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The Daily Wildcat

The Daily Wildcat

 

Column: Music is more than background noise

These days, everyone always has headphones or earbuds in either one or both ears — in the gym, at the library, in class, while reading and even in the middle of a conversation.

Music has, simply put, become nothing more than background noise in our lives.

Music is a stand-alone art form and shouldn’t be treated as something meant to fill silence or temporarily cure boredom.

I grew up in the ’90s with music that had extreme depth and was immersed in symbolism and metaphors. That meant giving songs a close listen and finding connections and meaning within them.

That sort of engagement with music creates memories and emotions that stay with you, and are conjured the second you hear that tune again. Music today has that same effect, but we don’t give it the attention it deserves.

Music has always been an art form that can transport people in a matter of seconds, and kids today are robbing themselves of that feeling by instead using it as elevator music for their daily routines.

As a society, we’ve become so distracted with our smartphones that we don’t give our full attention to anything anymore. Music should be the one exception on that list.

If one is reading and listening to music simultaneously, neither is really sinking in. You’re missing what the singer is singing about, and in turn robbing yourself of a potential connection from which the music was created.

If all music was just created to be something that sounds good and any symbolism or hidden meaning was stripped away completely, then let all bands and singers retire right now and we’ll only have DJ’s making music, and I’ll personally give the eulogy at symbolism’s funeral.

However, that’s not what music is. Yes, there is some music that has disposable lyrics and is meant to be played at night clubs at high volumes. In every decade, however, music has been one art form that has deep meaning, which is completely dismissed when kids use it as elevator music as they distract themselves with an array of activities.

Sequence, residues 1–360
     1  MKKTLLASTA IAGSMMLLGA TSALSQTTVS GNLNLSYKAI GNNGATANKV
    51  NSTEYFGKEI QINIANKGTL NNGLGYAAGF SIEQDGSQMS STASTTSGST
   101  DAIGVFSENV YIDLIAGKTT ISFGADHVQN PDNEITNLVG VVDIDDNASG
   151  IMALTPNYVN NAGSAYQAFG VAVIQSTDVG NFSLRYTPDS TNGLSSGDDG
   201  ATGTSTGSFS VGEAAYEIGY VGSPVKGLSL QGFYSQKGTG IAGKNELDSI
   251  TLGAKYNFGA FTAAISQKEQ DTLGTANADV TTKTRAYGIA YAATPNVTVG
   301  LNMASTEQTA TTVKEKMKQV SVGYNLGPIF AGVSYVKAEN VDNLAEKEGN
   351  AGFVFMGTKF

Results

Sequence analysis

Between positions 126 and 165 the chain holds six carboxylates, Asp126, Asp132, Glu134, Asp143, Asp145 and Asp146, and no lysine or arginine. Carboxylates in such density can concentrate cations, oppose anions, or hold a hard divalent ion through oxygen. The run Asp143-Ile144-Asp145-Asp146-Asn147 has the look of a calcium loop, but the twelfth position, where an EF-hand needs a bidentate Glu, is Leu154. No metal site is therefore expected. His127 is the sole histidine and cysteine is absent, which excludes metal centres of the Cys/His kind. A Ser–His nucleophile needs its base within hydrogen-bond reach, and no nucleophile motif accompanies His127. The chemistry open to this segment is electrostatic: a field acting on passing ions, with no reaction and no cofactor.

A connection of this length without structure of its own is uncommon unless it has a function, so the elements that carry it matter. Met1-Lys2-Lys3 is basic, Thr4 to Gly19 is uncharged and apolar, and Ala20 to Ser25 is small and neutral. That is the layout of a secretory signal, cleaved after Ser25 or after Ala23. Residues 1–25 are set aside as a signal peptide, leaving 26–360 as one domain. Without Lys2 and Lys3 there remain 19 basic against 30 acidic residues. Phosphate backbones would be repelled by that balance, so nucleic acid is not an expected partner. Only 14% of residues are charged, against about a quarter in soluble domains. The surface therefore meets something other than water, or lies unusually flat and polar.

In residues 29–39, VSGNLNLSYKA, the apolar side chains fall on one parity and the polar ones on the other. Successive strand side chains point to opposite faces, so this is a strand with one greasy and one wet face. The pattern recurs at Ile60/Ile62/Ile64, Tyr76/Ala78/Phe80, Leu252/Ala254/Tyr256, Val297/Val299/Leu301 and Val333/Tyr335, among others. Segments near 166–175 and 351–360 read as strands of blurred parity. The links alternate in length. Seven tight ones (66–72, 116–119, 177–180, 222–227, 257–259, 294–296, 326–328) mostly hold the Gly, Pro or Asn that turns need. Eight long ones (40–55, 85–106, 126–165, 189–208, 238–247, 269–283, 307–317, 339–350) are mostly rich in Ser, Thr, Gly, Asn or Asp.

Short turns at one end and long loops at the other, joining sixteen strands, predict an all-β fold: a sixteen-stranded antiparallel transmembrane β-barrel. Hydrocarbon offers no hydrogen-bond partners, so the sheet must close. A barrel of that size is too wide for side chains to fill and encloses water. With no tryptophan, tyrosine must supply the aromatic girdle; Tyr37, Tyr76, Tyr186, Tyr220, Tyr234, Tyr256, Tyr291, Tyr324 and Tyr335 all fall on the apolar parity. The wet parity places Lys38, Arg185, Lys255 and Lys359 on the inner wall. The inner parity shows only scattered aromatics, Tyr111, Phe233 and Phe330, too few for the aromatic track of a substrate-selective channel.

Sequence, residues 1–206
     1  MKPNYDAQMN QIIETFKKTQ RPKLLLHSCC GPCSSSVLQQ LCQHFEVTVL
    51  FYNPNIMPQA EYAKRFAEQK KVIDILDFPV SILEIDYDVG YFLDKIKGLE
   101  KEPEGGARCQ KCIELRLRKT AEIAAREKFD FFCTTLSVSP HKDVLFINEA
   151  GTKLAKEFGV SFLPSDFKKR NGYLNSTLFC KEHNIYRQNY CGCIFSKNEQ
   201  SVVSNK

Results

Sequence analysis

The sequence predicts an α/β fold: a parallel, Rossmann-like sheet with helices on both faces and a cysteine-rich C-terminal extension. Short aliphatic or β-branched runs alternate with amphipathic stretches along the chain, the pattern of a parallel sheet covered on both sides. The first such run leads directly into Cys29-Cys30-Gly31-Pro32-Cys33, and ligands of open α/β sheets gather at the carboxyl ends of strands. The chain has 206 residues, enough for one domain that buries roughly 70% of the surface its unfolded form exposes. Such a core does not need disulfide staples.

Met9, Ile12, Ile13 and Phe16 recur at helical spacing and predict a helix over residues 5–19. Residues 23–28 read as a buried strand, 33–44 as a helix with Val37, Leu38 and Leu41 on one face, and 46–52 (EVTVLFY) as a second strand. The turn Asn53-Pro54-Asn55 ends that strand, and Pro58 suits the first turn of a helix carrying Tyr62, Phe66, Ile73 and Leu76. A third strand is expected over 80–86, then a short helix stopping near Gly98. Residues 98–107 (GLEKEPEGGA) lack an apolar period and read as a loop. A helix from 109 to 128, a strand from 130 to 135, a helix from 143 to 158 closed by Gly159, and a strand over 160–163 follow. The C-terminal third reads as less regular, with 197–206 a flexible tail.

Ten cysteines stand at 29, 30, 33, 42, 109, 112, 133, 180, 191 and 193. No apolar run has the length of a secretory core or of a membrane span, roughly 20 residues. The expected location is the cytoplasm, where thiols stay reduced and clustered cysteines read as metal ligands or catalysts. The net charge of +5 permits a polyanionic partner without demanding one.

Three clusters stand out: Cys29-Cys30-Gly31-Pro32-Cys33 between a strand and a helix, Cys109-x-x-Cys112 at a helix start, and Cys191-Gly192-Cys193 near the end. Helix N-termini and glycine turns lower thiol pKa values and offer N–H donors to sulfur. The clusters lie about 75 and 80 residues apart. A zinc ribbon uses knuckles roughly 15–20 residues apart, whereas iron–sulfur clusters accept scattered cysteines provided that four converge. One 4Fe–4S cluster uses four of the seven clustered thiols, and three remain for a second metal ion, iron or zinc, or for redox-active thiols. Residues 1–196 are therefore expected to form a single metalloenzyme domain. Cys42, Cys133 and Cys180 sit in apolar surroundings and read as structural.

I’m not saying to stop everything completely when you listen to music, because nobody has that time on their hands. What I am saying is save the dance music for when you’re being a busy-body and save everything else for when you’re not so distracted.

Music enriches everyone’s life and a big part of that is the connection we create by listening closely to what the music is saying and it becomes personal to us, rather than just something that sounds good.

One might think that this isn’t a big deal, but it is. Being constantly distracted in every facet of your life takes moments and makes them less significant than they should be. It has always been and always will be quality over quantity. I’d much rather enjoy a small well-cooked meal, over an all-you-can-eat buffet of terrible and cheap food.

Musicians work extremely hard to make great music — something you can apply to your life and help you with whatever you may be going through.

By using these same songs and albums — for anyone that still listens to albums from start to finish — you’re robbing yourself of what music was meant for; to enrich your life.

Life can be pretty rough at times, and music is that one medium that can transport you to an area of joy and memory from when you first heard it. If you never give it a chance to do just that, you’ll never be able to fully partake in what music was designed for.

The funny thing is, making music is incredibly difficult. Out of all the things in this world, it’s one of those things that billions of people don’t know how to do. For those that do make great music for fans, and it’s used as background noise, well, it’s a slap in the face to the artist and you’re only robbing yourself of experiencing something wonderful that will last you the rest of your life.

There are few things in this world that can compare to sex, but great music is one of them. Since there’s only a handful of people in this world that can create great music, do them a favor and give them more of your attention when listening to it, because they’re doing their damnedest to enrich your life.


Follow Daniel Geffre on Twitter.


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